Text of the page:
It appears that Swifty's has a new menu. As I stated above, last night I was a few brew-doggies deep... Due to my slightly addled condition I didn't really peruse past the appetizers. Seeing as I had the old Swifty's menu pretty much memorized any new additions are welcome indeed. I owe this new menu issue further study...

An appetizer that immediately caught my attention was, "Swifty's Greens." I probably should remember the description from the menu, but I don't. It was an obvious play on Utica Greens, but with corned beef (we get it Swifty's, Irish) subbed for the usual prosciutto.

Now, I am a huge fan of Utica Greens from way back. Give me a plate of greens "Vescio" from the Franklin and I am in heaven. The very point of this hack weblog was to evangelize about New York's local food traditions. But in helping to bring the beauty of this style of 'schkarole to a wider audience, I may have contributed to the making of a monster...

These "Swifty's Greens" were executed poorly. I don't know how else to say it. Utica Greens (like another Central NY delicacy-- Chicken Riggies) is a grandma dish. It is not fussy, or particularly hard to make. But it must be done right. "Swifty's Greens" are not done right. If this was my first experience with "Utica Greens" I would be put off of them. That is a shame.

The "Swifty's Greens" were all wrong. The escarole was crunchy. You have to boil the escarole for about 10 minutes before sautéing/baking. It is my guess that Swifty's just hits their greens in a pan. The meat component was all wrong. There were big bits of meat in there and they were an assertive textural component. This is wrong. There was pizza cheese melted on top. This is wrong. Wrong. Wrong. Wrong.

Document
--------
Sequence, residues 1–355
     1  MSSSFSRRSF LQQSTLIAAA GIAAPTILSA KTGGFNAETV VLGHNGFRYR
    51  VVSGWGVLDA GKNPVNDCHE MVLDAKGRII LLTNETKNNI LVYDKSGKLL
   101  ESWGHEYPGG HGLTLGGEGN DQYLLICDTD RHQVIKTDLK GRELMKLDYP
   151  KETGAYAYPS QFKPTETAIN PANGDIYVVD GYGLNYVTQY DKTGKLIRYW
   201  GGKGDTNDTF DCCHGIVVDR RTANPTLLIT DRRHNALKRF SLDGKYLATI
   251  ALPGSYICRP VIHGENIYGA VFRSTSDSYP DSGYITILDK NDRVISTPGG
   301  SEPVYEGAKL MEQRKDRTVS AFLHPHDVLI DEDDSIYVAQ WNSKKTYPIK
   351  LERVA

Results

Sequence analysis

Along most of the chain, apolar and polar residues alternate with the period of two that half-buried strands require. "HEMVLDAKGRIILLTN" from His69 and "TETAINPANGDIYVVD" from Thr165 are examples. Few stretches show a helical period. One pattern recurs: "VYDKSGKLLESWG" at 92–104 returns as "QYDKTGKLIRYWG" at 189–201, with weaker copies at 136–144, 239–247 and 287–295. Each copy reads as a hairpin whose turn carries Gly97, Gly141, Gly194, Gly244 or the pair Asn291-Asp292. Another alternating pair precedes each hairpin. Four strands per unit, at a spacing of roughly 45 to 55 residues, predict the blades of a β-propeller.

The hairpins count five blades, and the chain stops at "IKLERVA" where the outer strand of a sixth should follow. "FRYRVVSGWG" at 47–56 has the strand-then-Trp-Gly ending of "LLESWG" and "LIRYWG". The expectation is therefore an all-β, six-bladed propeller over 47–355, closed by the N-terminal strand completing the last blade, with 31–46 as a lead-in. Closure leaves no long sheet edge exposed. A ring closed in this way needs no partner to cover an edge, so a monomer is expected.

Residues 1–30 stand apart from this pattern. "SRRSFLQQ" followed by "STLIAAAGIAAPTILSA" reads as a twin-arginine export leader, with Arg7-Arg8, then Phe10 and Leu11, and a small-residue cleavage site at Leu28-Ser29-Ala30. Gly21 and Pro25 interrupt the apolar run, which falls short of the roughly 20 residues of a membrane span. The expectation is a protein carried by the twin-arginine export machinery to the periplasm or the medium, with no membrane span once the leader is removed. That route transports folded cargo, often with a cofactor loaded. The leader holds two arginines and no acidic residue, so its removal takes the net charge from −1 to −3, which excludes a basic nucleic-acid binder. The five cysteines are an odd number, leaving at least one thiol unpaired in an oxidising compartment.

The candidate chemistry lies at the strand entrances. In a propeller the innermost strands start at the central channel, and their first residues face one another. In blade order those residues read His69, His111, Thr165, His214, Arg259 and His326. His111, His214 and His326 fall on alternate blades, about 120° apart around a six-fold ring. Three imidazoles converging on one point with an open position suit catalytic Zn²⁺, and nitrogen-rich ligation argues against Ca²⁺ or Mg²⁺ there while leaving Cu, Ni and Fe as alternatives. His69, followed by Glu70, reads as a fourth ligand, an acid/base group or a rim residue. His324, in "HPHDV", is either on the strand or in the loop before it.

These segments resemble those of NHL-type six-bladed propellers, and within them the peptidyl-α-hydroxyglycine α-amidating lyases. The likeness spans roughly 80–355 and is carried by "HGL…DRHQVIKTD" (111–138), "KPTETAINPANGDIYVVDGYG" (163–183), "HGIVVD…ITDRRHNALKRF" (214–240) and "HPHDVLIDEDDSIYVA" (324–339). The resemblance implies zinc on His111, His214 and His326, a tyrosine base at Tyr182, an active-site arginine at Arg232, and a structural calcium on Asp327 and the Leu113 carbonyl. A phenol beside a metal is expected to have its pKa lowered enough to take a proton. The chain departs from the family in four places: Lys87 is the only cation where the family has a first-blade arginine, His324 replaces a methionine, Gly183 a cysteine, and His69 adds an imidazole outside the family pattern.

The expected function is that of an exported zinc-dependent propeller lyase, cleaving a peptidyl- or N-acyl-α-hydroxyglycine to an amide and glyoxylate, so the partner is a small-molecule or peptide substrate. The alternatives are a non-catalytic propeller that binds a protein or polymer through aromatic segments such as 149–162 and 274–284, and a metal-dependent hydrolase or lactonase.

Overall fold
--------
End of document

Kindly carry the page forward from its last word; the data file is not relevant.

I won't even comment on the cast iron skillet presentation...

When you are thinking about Utica greens you should think of them as a "side dish." Think of the mouth-feal of stuffing or dressing -- savory, tender, comforting. Think of that except spicy from the cherry pepper and a bit funky from the parmesan. That is the feeling of good Utica greens.

You can't be cute with Utica Greens. No "the greens are still a bit crisp" business. This is not the place for that and it is not how the greens are treated in this application. Boil them until they are limp and dead. It is perfectly fine, even preferable, to make Utica Greens in a big hotel pan the night before and then reheat them for service. Just give me a big scoop on a side plate. Save the cast iron skillet..